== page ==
Friday, October 12, 2012


Unlike old dogs, old cats can learn new tricks.

Guinness is about 11 years old, the equivalent (according to the Internet) of 61 human years; Herbie is about 12, the equivalent of 65 human years.

They are almost as old as I am.

From the day I brought him home from our local Humane Society, Guinness has loved playing on my bed. At first, he attacked my toes. But claws are claws and I decided it would be safer if I substituted a cat toy. So he attacks the toy – scrunching down, attentive, then leaping on the plastic or feathered prey. Making the bed creates momentary mountains and valleys that add enticing mystery so that a successful pounce becomes more triumphant.  Making the bed under these circumstances can take twenty minutes, but who’s counting?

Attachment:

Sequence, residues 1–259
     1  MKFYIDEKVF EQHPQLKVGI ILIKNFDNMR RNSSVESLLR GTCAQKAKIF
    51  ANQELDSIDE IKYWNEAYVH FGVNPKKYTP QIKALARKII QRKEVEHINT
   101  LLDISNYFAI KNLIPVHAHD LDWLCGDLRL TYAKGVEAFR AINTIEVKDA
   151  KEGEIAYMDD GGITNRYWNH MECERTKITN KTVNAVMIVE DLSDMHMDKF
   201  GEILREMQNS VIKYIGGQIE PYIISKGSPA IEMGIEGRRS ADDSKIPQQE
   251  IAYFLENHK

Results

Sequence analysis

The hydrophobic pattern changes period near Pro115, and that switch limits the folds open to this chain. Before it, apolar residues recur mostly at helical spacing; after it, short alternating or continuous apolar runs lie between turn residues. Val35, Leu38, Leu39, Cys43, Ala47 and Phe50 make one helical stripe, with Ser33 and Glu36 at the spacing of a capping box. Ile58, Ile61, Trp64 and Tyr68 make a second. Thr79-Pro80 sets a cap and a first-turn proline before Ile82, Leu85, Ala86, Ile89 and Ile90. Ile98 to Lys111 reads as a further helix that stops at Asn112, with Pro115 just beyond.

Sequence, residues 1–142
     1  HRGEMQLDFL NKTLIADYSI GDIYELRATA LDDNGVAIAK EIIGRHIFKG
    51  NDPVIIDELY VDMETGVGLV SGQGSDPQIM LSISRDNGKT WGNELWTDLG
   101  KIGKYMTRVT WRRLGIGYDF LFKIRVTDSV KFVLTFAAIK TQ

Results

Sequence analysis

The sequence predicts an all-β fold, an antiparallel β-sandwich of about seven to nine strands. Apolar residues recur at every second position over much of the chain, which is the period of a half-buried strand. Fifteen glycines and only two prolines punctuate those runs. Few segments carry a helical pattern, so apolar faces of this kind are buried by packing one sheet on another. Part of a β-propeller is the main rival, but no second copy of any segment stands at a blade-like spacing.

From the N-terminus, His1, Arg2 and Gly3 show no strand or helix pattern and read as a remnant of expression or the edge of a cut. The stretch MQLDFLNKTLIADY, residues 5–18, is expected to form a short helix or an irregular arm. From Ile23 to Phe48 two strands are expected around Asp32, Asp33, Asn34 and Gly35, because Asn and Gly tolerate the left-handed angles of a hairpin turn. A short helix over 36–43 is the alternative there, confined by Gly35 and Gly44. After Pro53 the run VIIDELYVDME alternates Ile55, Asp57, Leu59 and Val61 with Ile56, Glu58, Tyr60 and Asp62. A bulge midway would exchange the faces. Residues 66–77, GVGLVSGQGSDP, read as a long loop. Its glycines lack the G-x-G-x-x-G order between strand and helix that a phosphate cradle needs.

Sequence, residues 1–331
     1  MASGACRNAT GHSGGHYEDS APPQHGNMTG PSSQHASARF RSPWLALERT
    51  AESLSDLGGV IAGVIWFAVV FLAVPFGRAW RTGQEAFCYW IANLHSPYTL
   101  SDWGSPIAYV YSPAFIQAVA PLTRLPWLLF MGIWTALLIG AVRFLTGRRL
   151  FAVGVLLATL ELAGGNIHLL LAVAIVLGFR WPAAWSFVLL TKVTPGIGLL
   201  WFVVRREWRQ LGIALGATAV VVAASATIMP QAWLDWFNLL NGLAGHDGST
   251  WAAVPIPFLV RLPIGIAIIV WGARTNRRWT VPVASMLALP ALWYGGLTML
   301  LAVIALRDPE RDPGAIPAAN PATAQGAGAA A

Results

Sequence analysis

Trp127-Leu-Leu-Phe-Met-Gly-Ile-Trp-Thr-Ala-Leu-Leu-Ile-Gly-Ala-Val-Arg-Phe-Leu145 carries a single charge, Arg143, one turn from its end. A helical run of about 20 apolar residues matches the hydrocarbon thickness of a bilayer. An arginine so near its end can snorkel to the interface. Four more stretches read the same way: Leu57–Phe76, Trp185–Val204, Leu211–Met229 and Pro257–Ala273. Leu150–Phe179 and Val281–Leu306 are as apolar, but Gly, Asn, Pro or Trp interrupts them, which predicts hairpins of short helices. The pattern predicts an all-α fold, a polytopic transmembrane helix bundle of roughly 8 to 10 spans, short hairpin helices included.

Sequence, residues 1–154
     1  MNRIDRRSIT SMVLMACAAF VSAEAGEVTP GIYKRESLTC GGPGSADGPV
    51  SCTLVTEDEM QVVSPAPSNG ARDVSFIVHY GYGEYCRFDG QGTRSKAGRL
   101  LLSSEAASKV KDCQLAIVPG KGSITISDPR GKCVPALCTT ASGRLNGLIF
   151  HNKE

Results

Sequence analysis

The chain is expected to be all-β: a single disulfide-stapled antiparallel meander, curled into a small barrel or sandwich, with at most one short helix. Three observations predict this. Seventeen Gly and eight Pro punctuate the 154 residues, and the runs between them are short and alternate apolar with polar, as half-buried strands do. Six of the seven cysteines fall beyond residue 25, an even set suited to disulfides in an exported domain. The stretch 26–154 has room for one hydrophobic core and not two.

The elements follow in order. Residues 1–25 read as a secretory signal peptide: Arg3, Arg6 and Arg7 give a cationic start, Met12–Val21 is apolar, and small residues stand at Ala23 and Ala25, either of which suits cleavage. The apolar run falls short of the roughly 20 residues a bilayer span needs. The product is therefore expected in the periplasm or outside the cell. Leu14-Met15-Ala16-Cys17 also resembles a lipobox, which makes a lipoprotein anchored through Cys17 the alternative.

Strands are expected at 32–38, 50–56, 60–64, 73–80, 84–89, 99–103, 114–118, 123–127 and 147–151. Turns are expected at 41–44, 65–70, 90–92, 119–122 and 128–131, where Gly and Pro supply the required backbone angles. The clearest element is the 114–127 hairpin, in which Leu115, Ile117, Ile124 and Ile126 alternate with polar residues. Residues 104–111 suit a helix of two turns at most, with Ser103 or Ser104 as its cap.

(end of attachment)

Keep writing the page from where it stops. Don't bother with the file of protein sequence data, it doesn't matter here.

I brought Herbie home from the Humane Society a few days after Guinness. He had to undergo required surgery before being released. Because he’d picked up a slight infection, he had to be isolated for two days. At 4 p.m. on the third day, I opened the door to the bathroom in which he had been confined.

They met.

Eventually, they bonded.

It is hard to tell which is the alpha cat. Sometimes I think it is Herbie because he is older and more dignified. Sometimes I think it is Guinness because he tends to eat both his own and Herbie’s food. Each of them has been known to attack the other, lurking then jumping before they tussle.

But the bed games have always been Guinness’s territory. Often Herbie watched, standing out in the hall, sometimes half hidden around a corner. Occasionally, he would come closer, standing solemn at the bedroom door.

Once in a great while, he would venture onto the bed, bat the toy then leave.

Now, after ten years of cohabitation, the games have changed. Now they both help me make the bed – taking turns playing mighty hunter.

And Herbie, old cat, has equal time.

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